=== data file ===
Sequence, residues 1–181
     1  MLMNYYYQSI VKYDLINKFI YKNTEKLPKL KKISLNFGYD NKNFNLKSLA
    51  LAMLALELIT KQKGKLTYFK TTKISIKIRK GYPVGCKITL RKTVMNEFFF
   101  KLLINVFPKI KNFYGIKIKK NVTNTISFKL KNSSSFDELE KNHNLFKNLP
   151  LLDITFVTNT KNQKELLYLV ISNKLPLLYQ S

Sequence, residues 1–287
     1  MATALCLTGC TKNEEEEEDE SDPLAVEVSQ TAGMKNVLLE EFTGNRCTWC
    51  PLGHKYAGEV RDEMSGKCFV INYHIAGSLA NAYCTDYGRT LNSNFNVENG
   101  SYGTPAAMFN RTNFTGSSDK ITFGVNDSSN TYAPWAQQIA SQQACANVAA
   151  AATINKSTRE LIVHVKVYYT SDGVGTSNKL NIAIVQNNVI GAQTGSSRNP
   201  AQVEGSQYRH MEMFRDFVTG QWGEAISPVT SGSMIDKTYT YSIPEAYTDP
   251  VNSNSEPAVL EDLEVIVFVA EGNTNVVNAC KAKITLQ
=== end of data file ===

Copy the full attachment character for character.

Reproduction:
Sequence, residues 1–181
     1  MLMNYYYQSI VKYDLINKFI YKNTEKLPKL KKISLNFGYD NKNFNLKSLA
    51  LAMLALELIT KQKGKLTYFK TTKISIKIRK GYPVGCKITL RKTVMNEFFF
   101  KLLINVFPKI KNFYGIKIKK NVTNTISFKL KNSSSFDELE KNHNLFKNLP
   151  LLDITFVTNT KNQKELLYLV ISNKLPLLYQ S

Sequence, residues 1–287
     1  MATALCLTGC TKNEEEEEDE SDPLAVEVSQ TAGMKNVLLE EFTGNRCTWC
    51  PLGHKYAGEV RDEMSGKCFV INYHIAGSLA NAYCTDYGRT LNSNFNVENG
   101  SYGTPAAMFN RTNFTGSSDK ITFGVNDSSN TYAPWAQQIA SQQACANVAA
   151  AATINKSTRE LIVHVKVYYT SDGVGTSNKL NIAIVQNNVI GAQTGSSRNP
   201  AQVEGSQYRH MEMFRDFVTG QWGEAISPVT SGSMIDKTYT YSIPEAYTDP
   251  VNSNSEPAVL EDLEVIVFVA EGNTNVVNAC KAKITLQ